Some of the beachgoers who are crowding Long Island shores amid the coronavirus pandemic are encountering seals and calling the New York Marine Rescue Center in large numbers, believing the seals are in distress when the vast majority are not.
The center, which helps rescue injured or entangled seals, said the flood of calls has increased to such a high level this spring that it’s devoted a full-time employee to field them. Most don’t involve a rescue.
"Right now we probably have over 500 calls for this month,” said Maxine Montello, director of the center. That’s a big jump from the 300 calls for the month last year.
Montello said the problem is that most of the people who call the center don’t understand the difference between a resting seal and one that’s injured or in distress.
“My big concern is that people are not understanding the Marine Mammal Protection Act,” said Montello, noting that it requires people to stand 150 feet back from seals and other mammals that come ashore.
She said that some have even taken matters into their own hands, including beach walkers who tied rope around a seal to drag it back into the water.
“Unfortunately, most of the time seals just want to rest and people are actually causing more harm to them,” she said. “One woman poured [fresh] water onto a seal thinking it was thirsty and it ended up dying.”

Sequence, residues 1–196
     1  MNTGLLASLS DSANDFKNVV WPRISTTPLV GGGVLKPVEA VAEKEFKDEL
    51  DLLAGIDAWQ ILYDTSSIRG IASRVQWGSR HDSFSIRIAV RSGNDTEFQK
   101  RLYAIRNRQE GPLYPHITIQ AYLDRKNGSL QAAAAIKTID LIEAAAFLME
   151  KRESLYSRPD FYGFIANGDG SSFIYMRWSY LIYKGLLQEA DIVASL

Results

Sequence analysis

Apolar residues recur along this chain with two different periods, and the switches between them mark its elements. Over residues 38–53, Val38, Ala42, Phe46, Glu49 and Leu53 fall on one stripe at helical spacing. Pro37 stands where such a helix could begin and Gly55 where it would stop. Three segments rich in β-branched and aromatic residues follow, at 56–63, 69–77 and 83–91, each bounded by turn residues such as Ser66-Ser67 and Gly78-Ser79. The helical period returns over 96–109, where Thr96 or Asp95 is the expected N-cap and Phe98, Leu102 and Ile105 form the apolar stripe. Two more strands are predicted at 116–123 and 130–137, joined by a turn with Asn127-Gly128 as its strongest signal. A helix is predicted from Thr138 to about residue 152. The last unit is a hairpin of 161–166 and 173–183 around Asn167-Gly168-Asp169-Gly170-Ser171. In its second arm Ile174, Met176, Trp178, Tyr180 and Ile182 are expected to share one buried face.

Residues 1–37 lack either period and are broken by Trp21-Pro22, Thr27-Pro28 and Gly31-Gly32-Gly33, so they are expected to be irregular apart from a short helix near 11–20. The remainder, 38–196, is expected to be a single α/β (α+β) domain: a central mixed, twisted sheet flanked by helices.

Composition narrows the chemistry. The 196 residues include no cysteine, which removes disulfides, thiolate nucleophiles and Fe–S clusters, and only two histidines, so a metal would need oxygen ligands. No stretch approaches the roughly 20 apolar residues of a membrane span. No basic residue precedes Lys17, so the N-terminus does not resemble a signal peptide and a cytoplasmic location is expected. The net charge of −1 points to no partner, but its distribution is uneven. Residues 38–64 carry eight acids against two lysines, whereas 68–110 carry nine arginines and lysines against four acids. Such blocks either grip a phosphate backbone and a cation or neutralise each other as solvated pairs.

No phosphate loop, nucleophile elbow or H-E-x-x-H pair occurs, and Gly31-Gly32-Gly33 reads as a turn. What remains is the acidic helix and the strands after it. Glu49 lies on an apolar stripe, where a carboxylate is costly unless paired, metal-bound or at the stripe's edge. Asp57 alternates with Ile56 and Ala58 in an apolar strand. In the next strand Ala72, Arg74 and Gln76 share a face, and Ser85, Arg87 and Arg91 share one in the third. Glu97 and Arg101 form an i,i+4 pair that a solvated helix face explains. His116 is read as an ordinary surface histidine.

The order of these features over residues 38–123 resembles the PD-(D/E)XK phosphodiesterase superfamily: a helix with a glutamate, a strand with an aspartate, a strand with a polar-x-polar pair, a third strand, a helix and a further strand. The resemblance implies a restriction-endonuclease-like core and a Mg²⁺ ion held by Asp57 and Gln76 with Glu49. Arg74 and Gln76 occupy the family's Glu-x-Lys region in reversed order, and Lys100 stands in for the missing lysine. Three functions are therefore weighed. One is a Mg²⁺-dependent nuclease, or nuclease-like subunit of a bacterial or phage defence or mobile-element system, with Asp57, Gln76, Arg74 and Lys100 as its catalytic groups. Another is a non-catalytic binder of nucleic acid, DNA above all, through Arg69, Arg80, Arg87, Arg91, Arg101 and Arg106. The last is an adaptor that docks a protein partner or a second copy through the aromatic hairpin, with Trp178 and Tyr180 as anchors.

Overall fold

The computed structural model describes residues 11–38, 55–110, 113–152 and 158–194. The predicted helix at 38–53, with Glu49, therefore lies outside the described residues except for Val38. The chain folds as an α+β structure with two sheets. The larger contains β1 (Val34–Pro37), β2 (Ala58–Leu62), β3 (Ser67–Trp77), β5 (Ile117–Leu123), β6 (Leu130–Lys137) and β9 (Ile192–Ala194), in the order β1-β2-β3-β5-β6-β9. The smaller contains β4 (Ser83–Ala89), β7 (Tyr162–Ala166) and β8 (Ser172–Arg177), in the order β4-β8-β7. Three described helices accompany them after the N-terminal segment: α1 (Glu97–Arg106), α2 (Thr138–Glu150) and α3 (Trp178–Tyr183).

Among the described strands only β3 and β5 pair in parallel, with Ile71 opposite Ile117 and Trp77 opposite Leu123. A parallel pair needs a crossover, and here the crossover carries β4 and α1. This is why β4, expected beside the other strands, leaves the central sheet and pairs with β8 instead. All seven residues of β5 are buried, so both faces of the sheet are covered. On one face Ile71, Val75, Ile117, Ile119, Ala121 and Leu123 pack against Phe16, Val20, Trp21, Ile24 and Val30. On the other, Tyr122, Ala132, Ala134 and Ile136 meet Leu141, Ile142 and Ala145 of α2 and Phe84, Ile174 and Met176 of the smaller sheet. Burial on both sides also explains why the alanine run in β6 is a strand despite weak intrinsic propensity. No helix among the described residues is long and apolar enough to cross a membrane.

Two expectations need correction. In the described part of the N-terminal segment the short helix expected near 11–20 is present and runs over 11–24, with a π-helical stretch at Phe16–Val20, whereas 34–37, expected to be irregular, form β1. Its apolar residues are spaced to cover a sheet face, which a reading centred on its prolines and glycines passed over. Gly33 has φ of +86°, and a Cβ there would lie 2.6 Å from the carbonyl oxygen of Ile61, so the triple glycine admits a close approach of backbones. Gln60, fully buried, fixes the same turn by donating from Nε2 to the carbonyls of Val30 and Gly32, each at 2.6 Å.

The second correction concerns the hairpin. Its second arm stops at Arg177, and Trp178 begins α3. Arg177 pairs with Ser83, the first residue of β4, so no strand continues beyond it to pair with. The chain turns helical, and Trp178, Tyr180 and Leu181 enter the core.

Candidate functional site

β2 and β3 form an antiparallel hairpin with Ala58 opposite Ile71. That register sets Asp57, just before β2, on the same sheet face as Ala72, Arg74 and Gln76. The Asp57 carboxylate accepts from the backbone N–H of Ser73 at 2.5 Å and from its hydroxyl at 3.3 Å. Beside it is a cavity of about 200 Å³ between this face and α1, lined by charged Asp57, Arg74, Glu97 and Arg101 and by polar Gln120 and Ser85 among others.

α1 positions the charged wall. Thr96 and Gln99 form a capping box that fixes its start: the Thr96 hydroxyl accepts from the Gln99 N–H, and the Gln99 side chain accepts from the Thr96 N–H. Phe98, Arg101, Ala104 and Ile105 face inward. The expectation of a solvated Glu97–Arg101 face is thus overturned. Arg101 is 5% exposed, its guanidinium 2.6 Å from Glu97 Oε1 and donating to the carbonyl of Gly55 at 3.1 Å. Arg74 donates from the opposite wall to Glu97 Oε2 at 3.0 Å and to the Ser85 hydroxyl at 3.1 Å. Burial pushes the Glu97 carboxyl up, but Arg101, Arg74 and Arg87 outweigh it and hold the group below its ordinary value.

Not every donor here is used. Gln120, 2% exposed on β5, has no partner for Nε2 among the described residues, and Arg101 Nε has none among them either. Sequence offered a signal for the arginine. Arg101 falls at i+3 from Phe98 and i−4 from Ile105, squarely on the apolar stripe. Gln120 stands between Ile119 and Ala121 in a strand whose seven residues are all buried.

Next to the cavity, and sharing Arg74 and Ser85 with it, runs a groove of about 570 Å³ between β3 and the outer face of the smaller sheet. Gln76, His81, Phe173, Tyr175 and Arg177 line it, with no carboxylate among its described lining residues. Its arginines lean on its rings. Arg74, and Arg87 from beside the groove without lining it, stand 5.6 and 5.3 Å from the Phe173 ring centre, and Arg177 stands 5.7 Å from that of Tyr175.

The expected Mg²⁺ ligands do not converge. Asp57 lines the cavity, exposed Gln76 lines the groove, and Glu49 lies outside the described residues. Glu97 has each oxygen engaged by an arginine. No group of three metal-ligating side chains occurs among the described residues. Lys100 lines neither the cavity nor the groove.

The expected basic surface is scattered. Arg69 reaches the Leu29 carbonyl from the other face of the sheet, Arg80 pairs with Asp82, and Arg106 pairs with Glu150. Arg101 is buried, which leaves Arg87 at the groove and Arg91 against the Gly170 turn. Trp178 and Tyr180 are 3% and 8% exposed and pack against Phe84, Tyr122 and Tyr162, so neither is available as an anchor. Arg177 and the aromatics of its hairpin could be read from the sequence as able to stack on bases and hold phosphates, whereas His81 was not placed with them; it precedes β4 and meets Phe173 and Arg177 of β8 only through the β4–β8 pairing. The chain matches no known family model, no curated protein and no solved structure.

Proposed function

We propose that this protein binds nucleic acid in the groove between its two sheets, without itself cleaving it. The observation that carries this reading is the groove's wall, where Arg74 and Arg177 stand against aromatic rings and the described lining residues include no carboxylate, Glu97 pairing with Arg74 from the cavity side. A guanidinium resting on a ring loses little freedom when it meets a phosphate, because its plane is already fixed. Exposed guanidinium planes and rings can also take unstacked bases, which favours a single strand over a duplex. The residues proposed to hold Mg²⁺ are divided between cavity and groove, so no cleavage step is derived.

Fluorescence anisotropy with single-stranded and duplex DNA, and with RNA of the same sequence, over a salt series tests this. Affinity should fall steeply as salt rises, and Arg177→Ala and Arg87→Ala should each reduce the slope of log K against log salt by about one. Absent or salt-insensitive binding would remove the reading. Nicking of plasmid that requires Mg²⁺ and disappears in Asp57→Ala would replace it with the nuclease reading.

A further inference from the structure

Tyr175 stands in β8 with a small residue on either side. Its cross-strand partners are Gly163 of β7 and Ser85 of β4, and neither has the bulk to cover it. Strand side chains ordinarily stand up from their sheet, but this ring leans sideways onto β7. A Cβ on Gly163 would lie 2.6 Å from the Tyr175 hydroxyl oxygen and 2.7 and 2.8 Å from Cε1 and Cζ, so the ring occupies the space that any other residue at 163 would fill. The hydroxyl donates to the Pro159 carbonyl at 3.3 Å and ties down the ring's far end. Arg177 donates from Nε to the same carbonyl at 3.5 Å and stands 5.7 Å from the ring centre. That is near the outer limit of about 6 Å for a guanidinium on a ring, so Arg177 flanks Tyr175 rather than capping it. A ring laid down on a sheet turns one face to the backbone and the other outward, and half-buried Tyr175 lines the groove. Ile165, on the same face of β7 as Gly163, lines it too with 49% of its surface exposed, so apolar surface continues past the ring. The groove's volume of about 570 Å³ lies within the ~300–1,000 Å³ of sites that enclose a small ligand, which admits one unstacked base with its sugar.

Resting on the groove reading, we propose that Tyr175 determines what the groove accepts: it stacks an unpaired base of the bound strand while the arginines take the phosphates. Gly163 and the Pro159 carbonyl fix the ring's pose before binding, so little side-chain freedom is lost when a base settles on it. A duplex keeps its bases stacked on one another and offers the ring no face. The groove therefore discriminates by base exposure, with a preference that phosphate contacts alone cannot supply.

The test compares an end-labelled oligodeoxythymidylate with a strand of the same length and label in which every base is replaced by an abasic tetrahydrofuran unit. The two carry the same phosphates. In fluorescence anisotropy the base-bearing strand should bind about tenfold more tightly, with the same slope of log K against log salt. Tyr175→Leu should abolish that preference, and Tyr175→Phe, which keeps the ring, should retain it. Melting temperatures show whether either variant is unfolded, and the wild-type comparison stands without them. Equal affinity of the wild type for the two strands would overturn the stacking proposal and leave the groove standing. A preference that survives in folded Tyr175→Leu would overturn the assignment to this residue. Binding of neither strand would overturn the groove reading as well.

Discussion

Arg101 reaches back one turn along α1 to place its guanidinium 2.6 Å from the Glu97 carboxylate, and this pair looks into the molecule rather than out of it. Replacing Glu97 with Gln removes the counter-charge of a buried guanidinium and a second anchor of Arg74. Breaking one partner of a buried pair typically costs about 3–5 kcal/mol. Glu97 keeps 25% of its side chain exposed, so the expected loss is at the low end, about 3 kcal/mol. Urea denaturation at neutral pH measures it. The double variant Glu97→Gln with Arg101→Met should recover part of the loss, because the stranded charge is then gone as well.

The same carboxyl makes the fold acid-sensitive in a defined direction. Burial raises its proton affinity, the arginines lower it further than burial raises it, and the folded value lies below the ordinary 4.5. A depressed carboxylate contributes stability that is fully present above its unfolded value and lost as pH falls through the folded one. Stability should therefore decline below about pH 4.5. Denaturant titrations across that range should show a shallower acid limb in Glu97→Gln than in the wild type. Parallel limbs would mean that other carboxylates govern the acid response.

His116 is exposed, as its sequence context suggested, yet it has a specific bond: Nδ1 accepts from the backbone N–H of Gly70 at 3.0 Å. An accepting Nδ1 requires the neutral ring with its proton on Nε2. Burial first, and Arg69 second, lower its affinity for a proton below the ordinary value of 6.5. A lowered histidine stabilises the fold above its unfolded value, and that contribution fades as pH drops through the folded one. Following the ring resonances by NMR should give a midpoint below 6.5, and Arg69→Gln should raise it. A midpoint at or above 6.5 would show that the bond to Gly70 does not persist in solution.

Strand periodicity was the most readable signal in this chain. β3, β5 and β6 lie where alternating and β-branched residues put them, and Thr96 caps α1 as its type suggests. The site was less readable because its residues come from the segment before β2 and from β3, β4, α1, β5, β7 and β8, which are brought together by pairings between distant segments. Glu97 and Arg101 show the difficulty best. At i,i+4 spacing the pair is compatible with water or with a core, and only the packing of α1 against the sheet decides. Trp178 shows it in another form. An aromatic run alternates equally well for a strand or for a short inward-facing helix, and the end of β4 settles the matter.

The federal National Oceanic and Atmospheric Administration (NOAA) agency is urging residents to keep a safe distance.
"As more people are taking to the outdoors and we approach harbor seal pupping season, we are asking the public to help us by social distancing with animals too," the agency said in a release Thursday. "Respect the social distance that is required by these sensitive animals. Help our stranding responders stay safe by not endangering, touching, or closely approaching potentially healthy animals."
Montello said only about one in 10 or 15 seals on the beach actually need rescue by the center, which is the only one in the region authorized to do the work. Currently there are five seals at the center’s Riverhead office for care, along with more than two dozen sea turtles. Seals should never be touched, and calls should only be made to the center if seals show physical injury or entanglement.
It’s normal for seals to rest with heads and tails lifted, Montello said, which people sometimes believe indicates a level of distress. Some seals open their mouths and show teeth, even begin barking, signs some believe is a “cry for their mothers” in younger seals. In fact, Montello said, “it’s really aggressive behavior when people get too close.”